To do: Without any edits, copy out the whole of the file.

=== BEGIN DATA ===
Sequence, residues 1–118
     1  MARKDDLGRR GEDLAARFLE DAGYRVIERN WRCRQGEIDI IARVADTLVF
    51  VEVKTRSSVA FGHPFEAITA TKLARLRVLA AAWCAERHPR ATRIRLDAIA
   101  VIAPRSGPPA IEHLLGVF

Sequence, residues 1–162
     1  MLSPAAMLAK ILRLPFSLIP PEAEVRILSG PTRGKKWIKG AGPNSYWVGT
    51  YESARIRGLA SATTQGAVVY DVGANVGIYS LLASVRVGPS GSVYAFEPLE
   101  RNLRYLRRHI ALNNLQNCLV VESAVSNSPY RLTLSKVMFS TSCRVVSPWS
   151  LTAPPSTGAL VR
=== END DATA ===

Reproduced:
Sequence, residues 1–118
     1  MARKDDLGRR GEDLAARFLE DAGYRVIERN WRCRQGEIDI IARVADTLVF
    51  VEVKTRSSVA FGHPFEAITA TKLARLRVLA AAWCAERHPR ATRIRLDAIA
   101  VIAPRSGPPA IEHLLGVF

Sequence, residues 1–162
     1  MLSPAAMLAK ILRLPFSLIP PEAEVRILSG PTRGKKWIKG AGPNSYWVGT
    51  YESARIRGLA SATTQGAVVY DVGANVGIYS LLASVRVGPS GSVYAFEPLE
   101  RNLRYLRRHI ALNNLQNCLV VESAVSNSPY RLTLSKVMFS TSCRVVSPWS
   151  LTAPPSTGAL VR